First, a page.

Keep Running Strong this Summer!
As Summer heats up, so does the racing season for runners and triathletes. Regardless of whether you are a trail or road runner, chances are your training picks up this time of year. Unfortunately, injuries commonly occur as we ramp up our training. This can be due to a variety of factors including poor running technique, progressing your training too quickly, poor footwear, muscle weakness or tightness just to name a few. Ideally, if you are injured you take some time off to let the injury heal while addressing some of the factors listed above that may have caused your injury. Let’s be honest though, many of you don’t have time to slow down and are trying to manage your injury through race season. Regardless of whether you are trying to push through an injury and make it through your next race or have had an injury and are back to running, it’s important to understand what happens to your muscles when you have an injury.
Whenever we have an injury such as an ankle sprain or an “overuse injury” such as plantar fasciitis or knee tendinitis our muscles tend to “shut down”. What does this mean? Each time our foot hits the ground with running, several muscles need to contract or fire quickly to keep us stable and running fast. Think of it like a computer program that works automatically without you even thinking about it. Think about how quickly and how many times each foot hits the ground when you run. You can’t consciously think about contracting each muscle that needs to work when your foot hits the ground. Your brain puts this on autopilot.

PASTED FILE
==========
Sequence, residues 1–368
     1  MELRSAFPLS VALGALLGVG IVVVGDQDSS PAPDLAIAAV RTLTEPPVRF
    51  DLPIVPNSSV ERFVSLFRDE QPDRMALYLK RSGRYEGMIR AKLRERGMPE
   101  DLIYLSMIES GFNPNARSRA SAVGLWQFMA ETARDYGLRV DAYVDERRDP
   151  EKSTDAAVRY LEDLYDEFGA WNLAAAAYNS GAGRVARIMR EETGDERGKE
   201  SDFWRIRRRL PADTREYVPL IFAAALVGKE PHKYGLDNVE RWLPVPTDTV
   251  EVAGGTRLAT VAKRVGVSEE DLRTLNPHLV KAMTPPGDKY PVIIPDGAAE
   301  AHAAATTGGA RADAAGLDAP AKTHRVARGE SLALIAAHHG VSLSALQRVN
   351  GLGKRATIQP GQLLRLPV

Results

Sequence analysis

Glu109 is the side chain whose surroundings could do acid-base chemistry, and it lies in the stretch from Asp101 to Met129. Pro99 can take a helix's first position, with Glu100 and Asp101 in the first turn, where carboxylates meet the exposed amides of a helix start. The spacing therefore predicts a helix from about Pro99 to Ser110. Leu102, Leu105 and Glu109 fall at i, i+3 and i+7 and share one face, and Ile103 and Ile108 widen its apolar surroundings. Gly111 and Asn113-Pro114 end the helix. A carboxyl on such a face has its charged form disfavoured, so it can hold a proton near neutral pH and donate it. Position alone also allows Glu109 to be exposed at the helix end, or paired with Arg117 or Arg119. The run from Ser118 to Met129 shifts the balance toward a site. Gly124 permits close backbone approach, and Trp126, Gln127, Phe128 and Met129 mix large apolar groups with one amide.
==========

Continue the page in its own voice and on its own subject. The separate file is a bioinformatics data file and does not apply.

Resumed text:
When we have an injury this “program” can shut down. This is one way your brain tries to protect you from doing more damage. Your brain is trying to stop you from running by shutting down your muscles. For example, research has shown if you sprain your left ankle, the muscles of your left hip shut down (along with other muscles). Obviously, they don’t completely shut down, but they become weaker and don’t fire as quickly.
Why is this important if you are pushing through an injury or have had an injury that you think has resolved? If you are constantly pushing through an injury, it can be difficult to get your muscles working the way they should be. Remember, pain can cause your muscles to shut down making it more difficult for them to work as they should while you are running. Even if your are doing the right exercises, it is much more difficult to get them stronger when you are working through a painful injury. If you have had an injury that has resolved and have not done the appropriate exercises, you are at risk for injury in the future. This is because your muscle strength (along with the “motor program”) does not always automatically come back even when the pain goes away. It is important for you to retrain your muscles with specific exercises most appropriate for running. A simple assessment/exercise of your hip/core strength is the single leg mini squat seen here. This is a good place to start. Depending on your strength and control with this exercise you may need to scale back your exercise program or progress it to a more dynamic program specific to running. Your physical therapist can guide you with this progression. 1 or 2 exercises performed a few days per week may be all you need to keep running strong.